By Catherine Dupree
For those who suffer from post-traumatic stress disorder (PTSD), vivid recollections of the horrific events they survived or witnessed — wars, rapes, accidents, injuries, concentration camp internments — often return relentlessly for years, evoking the same fear, helplessness, horror, and consequent anguish that accompanied the initial experience. This creates a disabling cycle that can be difficult, if not impossible, to break.
But encouraging new research suggests that the beta-blocker drug propranolol, by inhibiting the release of certain stress-related hormones, may stop such unwanted memories from being reinforced in our brains. Unlike the creepy device that erases undesirable recalls just like files on a computer in the recent filmEternal Sunshine of the Spotless Mind, propranolol won’t cause PTSD sufferers to forget their ghastly memories, “but it can take out the sting,” says professor of psychiatry Roger K. Pitman.
For a double-blind pilot study published in Biological Psychiatry, Pitman recruited 41 emergency-room patients who had just survived a traumatic event (most were car crashes). Eighteen patients received a 10-day course of oral propranolol; the rest received a placebo. When the patients returned one and three months later for psychometric assessments (like measuring their heart rates while they listened to previously tape-recorded descriptions of the initial event), those who had received propranolol were less likely to show signs of PTSD.
The results are promising for PTSD prevention, which has traditionally been limited to psychological debriefing, a method increasingly regarded as ineffective. And although Pitman is excited about the results, he readily admits propranolol is imperfect, particularly because it exacerbates asthma. (Propranolol, a hypertension drug, is widely marketed as Inderal. It is far from winning approval from the Food and Drug Administration for easing stressful memories.)
The biological reason why we never forget significant experiences involves the amygdala, an almond-shaped portion of the temporal lobe. Highly emotional events stimulate the amygdala to release so-called stress hormones, such as adrenaline, into our hippocampus. These hormones strengthen the recollections, gruesome or lovely, of the events that prompted their release. In PTSD, graphic memories — frequently including flashbacks and nightmares — not only remain intense over time, but are self-perpetuating. Each time a sufferer relives the traumatic experiences, the amygdala re-releases stress hormones into the brain, and consequently reinforces already unwanted memories. But propranolol interferes with the amygdala’s receptors and "takes it off-line," Pitman says. "It blocks the consolidation of memory."
Since the amygdala doesn’t release stress hormones in response to ordinary situations, it’s not surprising we forget where we placed our keys or parked our car. “You are likely to remember in fair detail what you were doing on the morning of September 11, 2001,” says Pitman. “But do you remember what you were doing on the morning of September 10?” This reaction, he maintains, is firmly based in natural selection. “If a primitive hominid decided to take a new route to a watering hole and on her way encountered a crocodile,” he says, “should she fail to remember in the future that a crocodile inhabited that route, she would be more likely to take it again and be eliminated from the gene pool.”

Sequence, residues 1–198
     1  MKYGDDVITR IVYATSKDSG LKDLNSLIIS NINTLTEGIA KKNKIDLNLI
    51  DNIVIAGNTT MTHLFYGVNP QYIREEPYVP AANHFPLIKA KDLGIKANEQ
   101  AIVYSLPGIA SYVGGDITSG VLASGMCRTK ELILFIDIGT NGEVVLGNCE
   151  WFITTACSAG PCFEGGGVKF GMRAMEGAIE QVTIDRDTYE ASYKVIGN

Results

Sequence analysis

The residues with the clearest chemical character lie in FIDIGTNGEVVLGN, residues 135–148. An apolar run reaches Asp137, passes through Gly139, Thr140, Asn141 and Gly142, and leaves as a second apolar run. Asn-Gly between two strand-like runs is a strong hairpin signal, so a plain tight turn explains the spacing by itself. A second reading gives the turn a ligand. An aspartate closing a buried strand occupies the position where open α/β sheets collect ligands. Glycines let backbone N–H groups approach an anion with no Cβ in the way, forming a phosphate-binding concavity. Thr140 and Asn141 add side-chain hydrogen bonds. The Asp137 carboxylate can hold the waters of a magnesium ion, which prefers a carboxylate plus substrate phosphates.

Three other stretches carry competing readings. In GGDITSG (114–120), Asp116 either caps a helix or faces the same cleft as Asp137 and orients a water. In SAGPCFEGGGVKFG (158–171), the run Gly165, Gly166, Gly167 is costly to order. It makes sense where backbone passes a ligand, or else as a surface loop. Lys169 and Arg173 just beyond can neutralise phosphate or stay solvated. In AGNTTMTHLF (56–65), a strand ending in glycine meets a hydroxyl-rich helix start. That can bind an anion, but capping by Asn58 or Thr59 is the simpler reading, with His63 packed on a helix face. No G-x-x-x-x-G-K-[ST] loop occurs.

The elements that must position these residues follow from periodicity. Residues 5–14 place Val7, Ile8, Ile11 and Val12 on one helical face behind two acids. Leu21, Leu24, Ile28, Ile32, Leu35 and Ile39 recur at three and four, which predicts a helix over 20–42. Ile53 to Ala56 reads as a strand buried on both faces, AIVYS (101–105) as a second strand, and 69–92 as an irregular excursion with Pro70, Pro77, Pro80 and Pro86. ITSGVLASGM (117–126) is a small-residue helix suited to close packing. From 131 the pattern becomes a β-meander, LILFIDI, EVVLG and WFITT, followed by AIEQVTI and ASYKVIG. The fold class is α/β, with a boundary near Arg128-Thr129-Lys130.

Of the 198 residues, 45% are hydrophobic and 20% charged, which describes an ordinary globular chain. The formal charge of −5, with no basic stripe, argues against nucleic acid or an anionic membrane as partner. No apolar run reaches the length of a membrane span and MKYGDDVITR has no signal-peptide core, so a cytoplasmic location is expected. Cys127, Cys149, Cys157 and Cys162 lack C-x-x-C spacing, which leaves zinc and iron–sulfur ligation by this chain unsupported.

As a society, we place tremendous value on recollection — from court testimonies to cherished reminiscences of childhood — so a drug capable of affecting memory may raise thorny legal and ethical concerns. If, for example, a woman takes propranolol following an assault, is she jeopardizing the validity of future testimony because her memory has been altered? Pitman agrees propranolol could threaten successful prosecutions, but "Medical concerns trump legal concerns," he says. "Would you withhold morphine, which can affect memory, from a mugging victim with broken bones?" He emphasizes that propranolol does not eliminate memories, but allows victims "to maintain a level of memory similar to that of a bystander."
But if propranolol, or drugs like it, become an emergency-room staple, will we soon be tinkering with memories of those experiences that, while painful, serve to define who we are, and teach us valuable lessons? “This is a legitimate ethical concern,” says Pitman. “But it is speculative and I wouldn’t let speculation block the ability to help someone. Most people who have PTSD are so debilitated, they would prefer to have their memories tinkered with.”
If tinkering is to be done, then it must be done quickly. Propranolol must reach the amygdala before a memory has had time to settle in; even 24 hours following trauma may be too late. Pitman has yet to determine the size of “the window of opportunity,” but it will almost certainly be too short for emergency-room doctors to evaluate a patient’s likelihood of developing PTSD (some people, such as those with smaller hippocampi, may be predisposed to the disorder). In other words, if propranolol begins to be routinely prescribed, some percentage of those who receive it may not really need it. “You will have to decide,” Pitman says, “if the damage is worse than the benefit.”
Roger K. Pitman e-mail address:
Source: Harvard Magazine 2004-07